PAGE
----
History of Ancient Coins
Coinage, as we know it today, originated in Asia Minor approximately 700 years before the birth of Christ. The concept of applying a fixed value to lumps of metal bearing primitive designs, in place of the age-old custom of bartering, quickly spread to nearby centers of Greek civilization. The coinage concept underwent an evolutionary process that paralleled the artistic development of the archaic period of Greek art. By the end of the 5th century B.C., great artistic achievements in design and engraving had been realized.
With the arrival of the Hellenistic Age in the middle of the 4th century B.C., further innovations appeared. The practice of dating coinage began (time being reckoned from the beginning of a local era) and, for the first time in history, the true-to-life portraits of historical figures, rather than mythological figures, were used as main coin types.
Further advances along the evolutionary path from the crude marking of bits of metal to modern minting were introduced by the Romans, who, by the 1st century B.C. had conquered most of the known world. Among the greatest contributions made by these political innovators were the use of the coins for the dissemination of propaganda and the refinement of the portraiture.
Some of the earliest known coins were the gold and silver staters and fractions struck during the reign of King Croesus of Lydia (561-546 B.C.). King Croesus is credited with the introduction of pure silver and gold coinage. These Lydian coins were also the first to be struck according to a specific weight standard capable of being recognized and valued by other Greek city-states and were stamped with an individual and identifiable symbol indicating the coins type and weight standard.
The natural Greek sense of individuality and ancestral pride led to strong competition between the city-states, as each sought to produce coins more beautiful than those of their neighbors. Athens, one of the most economically powerful of the city-states, issued coinage which was recognized and accepted in most marketplaces within the range of Greek traders and merchants. Its "owls," as these coins were commonly known, changed very little over three centuries which marked Athens dominance, a factor which also strengthened the coins acceptability as a standard of currency in a world without international banks or national currencies.
While Athens was probably the artistic heart and economic hub of the Greek world, many other Greek settlements around the world developed their own unique coinage. When Alexander the Great unified the Greater Greek World, he strove to unify and standardize the coinage used in his empire. Greek civilization began taking an interest in its contemporary history and at the same time realistic portraiture achieved a higher level of importance. Whether this change of direction and values can be attributed solely to the Hellenistic age or whether it indicates Roman influence is still a matter of academic debate.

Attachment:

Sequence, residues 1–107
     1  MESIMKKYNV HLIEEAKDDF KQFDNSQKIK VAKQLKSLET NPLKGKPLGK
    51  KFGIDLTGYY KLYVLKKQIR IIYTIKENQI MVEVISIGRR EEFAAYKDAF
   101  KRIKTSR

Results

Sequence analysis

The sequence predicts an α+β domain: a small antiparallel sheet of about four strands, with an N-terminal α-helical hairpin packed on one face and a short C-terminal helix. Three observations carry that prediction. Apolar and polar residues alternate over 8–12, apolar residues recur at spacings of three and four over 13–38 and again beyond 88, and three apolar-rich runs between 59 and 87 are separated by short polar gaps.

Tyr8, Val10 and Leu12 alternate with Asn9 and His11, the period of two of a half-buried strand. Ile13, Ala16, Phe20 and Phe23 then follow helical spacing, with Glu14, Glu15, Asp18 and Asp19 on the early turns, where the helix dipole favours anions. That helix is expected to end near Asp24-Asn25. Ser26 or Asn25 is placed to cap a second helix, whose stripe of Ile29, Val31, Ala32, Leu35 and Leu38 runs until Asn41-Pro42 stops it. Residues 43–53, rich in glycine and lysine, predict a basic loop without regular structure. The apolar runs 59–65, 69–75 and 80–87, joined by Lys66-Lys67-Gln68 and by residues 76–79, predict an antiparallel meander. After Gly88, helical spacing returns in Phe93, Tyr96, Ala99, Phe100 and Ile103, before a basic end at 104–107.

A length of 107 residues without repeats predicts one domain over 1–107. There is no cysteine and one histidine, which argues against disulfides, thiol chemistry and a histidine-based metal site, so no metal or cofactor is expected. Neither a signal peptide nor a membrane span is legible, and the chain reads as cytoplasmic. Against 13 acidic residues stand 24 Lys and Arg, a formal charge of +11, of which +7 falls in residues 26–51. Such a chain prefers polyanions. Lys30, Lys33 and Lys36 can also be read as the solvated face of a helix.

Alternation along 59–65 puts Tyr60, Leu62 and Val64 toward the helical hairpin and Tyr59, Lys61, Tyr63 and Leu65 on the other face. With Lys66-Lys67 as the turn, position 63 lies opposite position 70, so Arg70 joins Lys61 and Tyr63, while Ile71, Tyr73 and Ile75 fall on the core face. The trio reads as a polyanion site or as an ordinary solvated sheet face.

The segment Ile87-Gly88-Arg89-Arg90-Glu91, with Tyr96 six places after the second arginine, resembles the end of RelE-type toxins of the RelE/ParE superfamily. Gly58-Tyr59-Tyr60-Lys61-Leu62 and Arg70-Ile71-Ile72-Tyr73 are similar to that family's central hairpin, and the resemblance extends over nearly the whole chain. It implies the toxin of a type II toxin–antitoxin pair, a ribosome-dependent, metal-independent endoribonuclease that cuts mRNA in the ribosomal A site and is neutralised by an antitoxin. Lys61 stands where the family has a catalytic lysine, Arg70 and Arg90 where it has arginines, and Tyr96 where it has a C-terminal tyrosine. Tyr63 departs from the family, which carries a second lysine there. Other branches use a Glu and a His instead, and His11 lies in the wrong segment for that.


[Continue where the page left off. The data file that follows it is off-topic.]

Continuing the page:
The Romans emphasis on the use of coins in dispensing propaganda was clearly as great as their emphasis on the portrait of the emperor or person who issued the coin. Even though the most significant aspect of a Roman coin is the historical information it possesses, one should not overlook the great care and attention to style used in engraving many of the dies. Some of the portraits of emperors attained such a high degree of accuracy and detail that even the master engravers of the Renaissance or the 18th century failed to attain these artistic heights. During the Roman Empire, coinage attained the numismatic tradition followed by most succeeding western coinage.
The quest for better portraiture continued until the time of Caracalla, when more emphasis was placed upon quantity rather than quality. Coin types soon became more limited and less creative, and the portraits of emperors became less accurate. By the time of Constantine the Great, the images carried on most coins were much more stylized representations of the emperors than actual portraits. Christianity was adopted during the reign of this emperor, and its influence is evidenced by a non-temporal flavor of the coinage.
Throughout the following centuries, the coins of the ancient Greeks and Romans have set the artistic standard for contemporary engravers. Aesthetically, these coins, having survived the test of time, are held by many to be the finest ever made. Historically, these coins are our most accurate records of ancient civilization and of magnificent generals, kings, emperors, and their pantheon of gods. Without these coins, there would be little understanding of ancient history and even less accurate comprehension of our own western culture.